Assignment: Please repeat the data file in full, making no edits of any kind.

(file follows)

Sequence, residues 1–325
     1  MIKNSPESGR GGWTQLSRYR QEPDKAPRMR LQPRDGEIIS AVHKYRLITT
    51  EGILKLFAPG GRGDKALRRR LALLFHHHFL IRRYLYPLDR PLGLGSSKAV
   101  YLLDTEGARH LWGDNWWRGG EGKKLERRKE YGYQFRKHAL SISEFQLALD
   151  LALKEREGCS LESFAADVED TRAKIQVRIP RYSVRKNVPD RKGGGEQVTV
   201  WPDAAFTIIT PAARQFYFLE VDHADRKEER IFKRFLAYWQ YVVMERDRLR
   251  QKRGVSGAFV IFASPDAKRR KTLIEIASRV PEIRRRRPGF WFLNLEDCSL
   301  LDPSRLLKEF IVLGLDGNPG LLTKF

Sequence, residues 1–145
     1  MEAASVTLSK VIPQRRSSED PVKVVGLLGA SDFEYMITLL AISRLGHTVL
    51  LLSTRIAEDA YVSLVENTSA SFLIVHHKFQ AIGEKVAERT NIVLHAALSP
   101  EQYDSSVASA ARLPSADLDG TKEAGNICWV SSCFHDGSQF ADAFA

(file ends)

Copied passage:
Sequence, residues 1–325
     1  MIKNSPESGR GGWTQLSRYR QEPDKAPRMR LQPRDGEIIS AVHKYRLITT
    51  EGILKLFAPG GRGDKALRRR LALLFHHHFL IRRYLYPLDR PLGLGSSKAV
   101  YLLDTEGARH LWGDNWWRGG EGKKLERRKE YGYQFRKHAL SISEFQLALD
   151  LALKEREGCS LESFAADVED TRAKIQVRIP RYSVRKNVPD RKGGGEQVTV
   201  WPDAAFTIIT PAARQFYFLE VDHADRKEER IFKRFLAYWQ YVVMERDRLR
   251  QKRGVSGAFV IFASPDAKRR KTLIEIASRV PEIRRRRPGF WFLNLEDCSL
   301  LDPSRLLKEF IVLGLDGNPG LLTKF

Sequence, residues 1–145
     1  MEAASVTLSK VIPQRRSSED PVKVVGLLGA SDFEYMITLL AISRLGHTVL
    51  LLSTRIAEDA YVSLVENTSA SFLIVHHKFQ AIGEKVAERT NIVLHAALSP
   101  EQYDSSVASA ARLPSADLDG TKEAGNICWV SSCFHDGSQF ADAFA